According to researchers, woolly mammoths were once very common in North America, Siberia and Beringia, which is the land bridge that used to exist between current day Russia and the U.S. state of Alaska.

About 10,000 years ago, in the face of a warmer climate and increased hunting by humans, the populations of the beasts began to shrink. But the woolly mammoth existed until about 3,700 years ago when they finally went extinct.

Researchers say they compared genetic materials from a 45,000-year-old mammoth to one that lived 4,300 years ago. The latter was from a group of about 300 mammoths that lived on Wrangel Island in the Arctic Ocean.

“We found an excess of what looked like bad mutations in the mammoth from Wrangel Island,” Rogers said.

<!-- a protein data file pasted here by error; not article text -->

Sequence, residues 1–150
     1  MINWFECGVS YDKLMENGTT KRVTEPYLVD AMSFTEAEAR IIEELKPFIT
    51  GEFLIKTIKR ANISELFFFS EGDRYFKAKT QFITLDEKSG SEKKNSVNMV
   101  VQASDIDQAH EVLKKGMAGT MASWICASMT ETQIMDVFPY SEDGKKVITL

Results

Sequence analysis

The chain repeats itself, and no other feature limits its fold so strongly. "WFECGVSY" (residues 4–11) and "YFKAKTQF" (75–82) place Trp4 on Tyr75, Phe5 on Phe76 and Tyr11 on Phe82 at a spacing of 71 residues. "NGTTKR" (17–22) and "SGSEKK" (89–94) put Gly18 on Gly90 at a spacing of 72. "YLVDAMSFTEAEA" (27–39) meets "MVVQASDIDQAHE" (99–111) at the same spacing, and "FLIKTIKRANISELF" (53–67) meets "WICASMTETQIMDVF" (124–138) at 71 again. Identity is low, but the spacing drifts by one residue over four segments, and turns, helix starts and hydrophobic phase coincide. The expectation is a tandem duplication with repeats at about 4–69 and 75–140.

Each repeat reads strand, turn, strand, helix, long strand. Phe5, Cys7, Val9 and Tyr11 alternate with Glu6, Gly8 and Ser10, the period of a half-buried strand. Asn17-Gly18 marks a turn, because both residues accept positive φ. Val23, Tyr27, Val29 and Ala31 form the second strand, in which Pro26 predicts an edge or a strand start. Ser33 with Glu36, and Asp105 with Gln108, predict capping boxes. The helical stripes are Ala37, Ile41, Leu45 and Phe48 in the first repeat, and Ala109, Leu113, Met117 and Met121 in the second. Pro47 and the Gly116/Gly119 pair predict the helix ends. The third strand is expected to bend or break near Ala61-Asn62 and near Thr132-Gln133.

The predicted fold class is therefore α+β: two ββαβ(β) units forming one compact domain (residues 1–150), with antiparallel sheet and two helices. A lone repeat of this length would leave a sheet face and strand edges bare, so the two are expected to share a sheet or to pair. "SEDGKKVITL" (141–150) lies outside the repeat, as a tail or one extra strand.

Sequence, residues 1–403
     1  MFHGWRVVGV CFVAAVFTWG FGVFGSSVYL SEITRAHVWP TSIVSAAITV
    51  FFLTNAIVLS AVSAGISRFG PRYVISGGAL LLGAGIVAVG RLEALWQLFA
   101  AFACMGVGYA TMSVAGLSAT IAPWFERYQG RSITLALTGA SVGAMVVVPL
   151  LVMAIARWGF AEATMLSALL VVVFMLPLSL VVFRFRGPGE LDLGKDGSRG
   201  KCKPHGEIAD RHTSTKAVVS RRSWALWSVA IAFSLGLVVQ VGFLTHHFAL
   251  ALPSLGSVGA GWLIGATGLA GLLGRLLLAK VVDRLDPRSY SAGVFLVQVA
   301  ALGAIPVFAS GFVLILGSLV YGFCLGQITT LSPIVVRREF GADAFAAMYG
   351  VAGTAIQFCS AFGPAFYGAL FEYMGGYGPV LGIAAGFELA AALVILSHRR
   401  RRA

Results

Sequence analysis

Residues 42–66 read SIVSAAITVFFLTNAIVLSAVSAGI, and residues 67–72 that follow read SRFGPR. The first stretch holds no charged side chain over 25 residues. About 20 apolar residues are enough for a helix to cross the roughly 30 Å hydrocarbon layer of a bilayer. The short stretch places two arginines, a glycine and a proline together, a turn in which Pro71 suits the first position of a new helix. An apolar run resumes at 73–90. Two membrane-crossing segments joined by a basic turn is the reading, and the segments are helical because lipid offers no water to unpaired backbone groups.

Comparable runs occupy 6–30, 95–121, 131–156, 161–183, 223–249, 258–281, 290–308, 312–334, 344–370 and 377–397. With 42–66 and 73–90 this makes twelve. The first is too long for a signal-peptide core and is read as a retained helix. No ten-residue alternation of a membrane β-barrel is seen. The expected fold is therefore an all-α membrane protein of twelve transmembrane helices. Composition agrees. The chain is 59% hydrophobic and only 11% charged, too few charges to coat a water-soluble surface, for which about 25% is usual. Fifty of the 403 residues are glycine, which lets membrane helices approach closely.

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Using mathematical models, researchers say they found “multiple harmful mutations” in the sample from Wrangel Island. Some of the mutations caused the mammoths to lose olfactory receptors. This led to problems with mate choice, researchers said. Furthermore, one mutation likely caused the animal to develop an “unusual translucent satin coat.”

“With only two specimens to look at, these mathematical models were important to show that the differences between the two mammoths are too extreme to be explained by other factors,” Rogers said. (VOA)

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Celebration in Panama City for its 500th anniversary

Panama City celebrates it with an enormous cake for 4,500 people

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Panama City is a financial center and it is known as the Latin American Miami. Pixabay